1Peter 2:11-12
My beloved ones, I beg you — strangers and resident aliens as you are — to hold back from the fleshly desires that wage war against your true lives. Keep up good conduct among the pagans, so that when they speak against you as evildoers they will observe your good deeds and praise God on the day of his royal arrival.

• • •

I’m sure that I will be consulting N.T. Wright’s translation often (as I do his commentaries) in my own study of the New Testament.

Comments

  1. Very interesting. John 3:16 is certainly new. But God’s “new age” sounds weird because of the New Age movement.

    How does he translate the Our Father?

    • I’ll put that up when I get a chance, Devin.

    • Our father in heaven,
      May your name be honored,
      May your kingdom come,
      May your will be done
      As in heaven, so on earth.
      Give us today the bread we need now;
      And forgive us the things we owe,
      As we too have forgiven what was owed to us.
      Don’t bring us into the great trial,
      But rescue us from evil.

  2. Perhaps it’s just me, but I find that Wright’s translation of “The Beatitudes” to somehow change the thrust of the meaning. I get a picture in my head of Jesus turning and indicating separate groups of folk rather than indicating folk on a journey, incorporating each of these qualities in their life-long journeys. In the Church Fathers, this teaching of Jesus is taken to be the synopsis of the whole of the Gospel and, as such, is typically taken to be a sort of “ladder” of growth, indicative of the movement of Christian life.

    If, in the last two verses, we read and interpret them as a single verse in that both describe the suffering frequently imposed upon those who truly love the Gospel, we find there are eight Beatitudes, each of them an aspect of being in communion with God. In our journey into theosis, we find ourselves moving from each step along the way: poor in spirit, mourning, meek, hungering, and so forth until, at the end, we find ourselves persecuted, reviled, hated, and evil-spoken against because our love for Him is so great, it cannot be silenced either in word or deed. Just our presence in a room is enough to make His presence known!

    I guess I am not getting the same thrust I am used to in the translation offered. Again, it’s probably just me. Yet have we lost something long the way as modern language changes and morphs it’s way into a sort of relativism that reflects our fear of speaking with strength and conviction? I hope not…

    • Laura I think you are right that Wright represents a different interpretation — one which I myself hold, by the way. These are not “qualities” that we are to incorporate into our lives, but they represent different situations and positions of people in the world that the rest of the world despises. Jesus is announcing “The Great Reversal,” when the last shall be first. This is my understanding.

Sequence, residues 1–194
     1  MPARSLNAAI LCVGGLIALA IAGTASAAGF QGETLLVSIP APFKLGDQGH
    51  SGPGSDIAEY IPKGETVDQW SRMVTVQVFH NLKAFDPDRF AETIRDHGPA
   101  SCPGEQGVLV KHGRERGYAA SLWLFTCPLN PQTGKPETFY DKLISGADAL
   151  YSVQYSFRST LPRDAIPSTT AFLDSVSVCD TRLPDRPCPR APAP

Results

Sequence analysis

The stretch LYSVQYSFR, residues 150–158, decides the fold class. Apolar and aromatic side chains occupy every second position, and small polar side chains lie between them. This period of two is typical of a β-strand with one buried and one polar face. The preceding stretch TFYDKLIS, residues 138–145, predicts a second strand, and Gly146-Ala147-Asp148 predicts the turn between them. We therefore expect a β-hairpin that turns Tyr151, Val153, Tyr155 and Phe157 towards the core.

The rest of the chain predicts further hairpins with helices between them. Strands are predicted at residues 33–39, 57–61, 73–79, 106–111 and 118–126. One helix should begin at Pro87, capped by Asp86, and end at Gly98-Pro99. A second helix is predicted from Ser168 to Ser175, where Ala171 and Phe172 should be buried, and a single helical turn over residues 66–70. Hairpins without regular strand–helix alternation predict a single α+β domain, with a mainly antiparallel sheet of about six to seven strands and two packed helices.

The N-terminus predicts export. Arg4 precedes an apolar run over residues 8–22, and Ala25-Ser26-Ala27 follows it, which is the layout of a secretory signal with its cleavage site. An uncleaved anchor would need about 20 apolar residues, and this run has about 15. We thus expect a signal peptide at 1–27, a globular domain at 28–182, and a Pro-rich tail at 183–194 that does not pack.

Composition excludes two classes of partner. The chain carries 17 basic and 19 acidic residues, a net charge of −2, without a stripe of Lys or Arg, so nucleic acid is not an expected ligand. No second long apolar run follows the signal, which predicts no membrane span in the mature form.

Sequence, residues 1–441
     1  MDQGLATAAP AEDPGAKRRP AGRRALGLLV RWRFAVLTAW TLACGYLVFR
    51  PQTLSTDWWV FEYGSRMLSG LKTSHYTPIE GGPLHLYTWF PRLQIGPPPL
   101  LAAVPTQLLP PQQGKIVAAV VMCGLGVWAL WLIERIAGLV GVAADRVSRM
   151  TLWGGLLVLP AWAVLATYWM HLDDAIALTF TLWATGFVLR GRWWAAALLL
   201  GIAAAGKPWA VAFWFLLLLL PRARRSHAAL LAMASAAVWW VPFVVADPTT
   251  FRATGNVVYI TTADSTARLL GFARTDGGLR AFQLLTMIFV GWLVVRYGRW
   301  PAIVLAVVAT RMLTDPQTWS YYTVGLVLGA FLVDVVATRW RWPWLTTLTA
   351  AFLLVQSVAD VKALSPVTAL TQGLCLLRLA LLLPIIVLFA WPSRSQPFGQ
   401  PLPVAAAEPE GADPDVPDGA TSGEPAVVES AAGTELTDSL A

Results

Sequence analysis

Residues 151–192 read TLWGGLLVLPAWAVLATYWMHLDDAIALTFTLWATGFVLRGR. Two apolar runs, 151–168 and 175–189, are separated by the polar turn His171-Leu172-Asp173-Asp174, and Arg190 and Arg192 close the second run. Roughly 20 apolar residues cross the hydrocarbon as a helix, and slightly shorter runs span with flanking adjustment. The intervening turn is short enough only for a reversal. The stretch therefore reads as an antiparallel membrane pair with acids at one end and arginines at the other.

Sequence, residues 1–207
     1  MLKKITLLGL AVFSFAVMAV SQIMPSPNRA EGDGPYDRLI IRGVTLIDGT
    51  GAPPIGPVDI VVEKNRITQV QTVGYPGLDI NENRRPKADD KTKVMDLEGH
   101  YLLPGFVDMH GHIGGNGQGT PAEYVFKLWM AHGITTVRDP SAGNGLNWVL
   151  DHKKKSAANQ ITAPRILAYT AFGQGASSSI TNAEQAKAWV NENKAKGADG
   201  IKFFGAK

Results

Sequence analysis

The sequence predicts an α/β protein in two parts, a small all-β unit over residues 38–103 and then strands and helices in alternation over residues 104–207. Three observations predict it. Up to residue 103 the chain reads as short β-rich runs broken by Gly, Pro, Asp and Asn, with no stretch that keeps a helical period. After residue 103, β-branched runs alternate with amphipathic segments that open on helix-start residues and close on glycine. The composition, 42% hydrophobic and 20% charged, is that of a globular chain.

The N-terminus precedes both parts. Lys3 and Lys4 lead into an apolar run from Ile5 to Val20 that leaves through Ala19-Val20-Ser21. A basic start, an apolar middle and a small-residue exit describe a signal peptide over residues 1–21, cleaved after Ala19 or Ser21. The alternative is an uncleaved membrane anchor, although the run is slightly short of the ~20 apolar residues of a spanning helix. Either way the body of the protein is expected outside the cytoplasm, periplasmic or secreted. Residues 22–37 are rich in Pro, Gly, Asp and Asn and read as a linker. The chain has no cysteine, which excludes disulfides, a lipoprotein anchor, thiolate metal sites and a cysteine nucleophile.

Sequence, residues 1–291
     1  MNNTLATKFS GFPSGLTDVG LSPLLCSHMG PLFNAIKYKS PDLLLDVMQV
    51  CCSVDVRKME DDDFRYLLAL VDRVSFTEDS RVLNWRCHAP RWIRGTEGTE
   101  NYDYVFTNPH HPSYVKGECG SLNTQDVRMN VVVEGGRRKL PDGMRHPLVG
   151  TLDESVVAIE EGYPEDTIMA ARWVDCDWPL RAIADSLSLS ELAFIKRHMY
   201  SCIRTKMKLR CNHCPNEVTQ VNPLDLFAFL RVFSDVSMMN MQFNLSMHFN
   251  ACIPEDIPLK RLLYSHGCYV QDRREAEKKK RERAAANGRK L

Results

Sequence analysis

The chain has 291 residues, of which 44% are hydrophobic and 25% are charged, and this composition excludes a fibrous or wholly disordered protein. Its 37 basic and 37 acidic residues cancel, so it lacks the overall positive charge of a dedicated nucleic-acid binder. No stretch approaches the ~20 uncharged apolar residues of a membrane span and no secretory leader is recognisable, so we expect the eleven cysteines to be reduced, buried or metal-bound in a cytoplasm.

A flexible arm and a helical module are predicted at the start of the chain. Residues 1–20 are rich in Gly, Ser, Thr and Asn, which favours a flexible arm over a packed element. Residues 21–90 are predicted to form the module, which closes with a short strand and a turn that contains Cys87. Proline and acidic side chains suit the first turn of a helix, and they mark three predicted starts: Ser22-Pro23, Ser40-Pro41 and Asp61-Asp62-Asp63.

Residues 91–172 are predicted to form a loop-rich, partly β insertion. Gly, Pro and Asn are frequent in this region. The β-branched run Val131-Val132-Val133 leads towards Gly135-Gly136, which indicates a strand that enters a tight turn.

• I think that Laura’s post reflects typical “western” type thinking. We (for I also include myself) too often look for progressive patterns in passages and in themes that amount to a “How to” instruction book for Christian belief and behavior. We want rules, we want step by step guides to help us become “better” Christians, we try to avoid anything that seems vague or fuzzy. That is why systematic theology is so popular. The guess work is gone, we have successfully put salvation into a subscribed “box” that we can understand and control.

        But just as this type of thinking can kill the romance in a marriage, so too does it lead to lukewarmness in our dealings with our heavenly Father. I have to be honest, though, because I still struggle with this issue in my own life and ministry. Now, whenever I study or teach, I strive to uncover the spirit of what the text says as well as the context. You just can’t separate the two.

        As this relates to Wright’s translation it probably is best to try to divine what, exactly, his translation is attempting to convey before we start picking it apart. Also, although English is his native language, it is British English that he uses. The slight differences in word usage and meaning may present a minor obstacle to catching the full meaning of his translated text.

        All that being said, I will probably purchase it when I can afford it.

        • Thank you for your replies.

          It’s interesting that you see a “Western” POV, Oscar, in my post. I am an Eastern Orthodox Christian, and, as far as I know (and I checked… ;p), the Beatitudes are traditionally taught as who we are meant to *be* (as in become)…not qualities we are meant to “put-on”. They are not a “how-to” in a Western sense, but a “ladder of progression” towards theosis with God: one begins with an awareness of one’s poorness of heart, therefore seeking after that ineffable “Something/Someone”…and, finding Christ, is then given the Kingdom of Heaven; to God willing, finding himself worthy of the type of persecution long suffered by those who emanate the Spirit of Christ so thoroughly they cannot hide it under a basket.

          Perhaps I am not articulating this well… but a mature Christian will become that which the Beatitudes presents, truly, not artificially; a changed life, a changed person, a changed personality. Along with this, we teach that the Beatitudes is a complete synopsis of the teaching of the Gospel.

          Unfortunately, the whole of Eastern Orthodoxy, it’s differences with the West, and it’s nuances, is impossible to convey in a combox…and when you begin with a different theology of Original/Ancestral Sin, these sorts of interpretative things are bound to happen.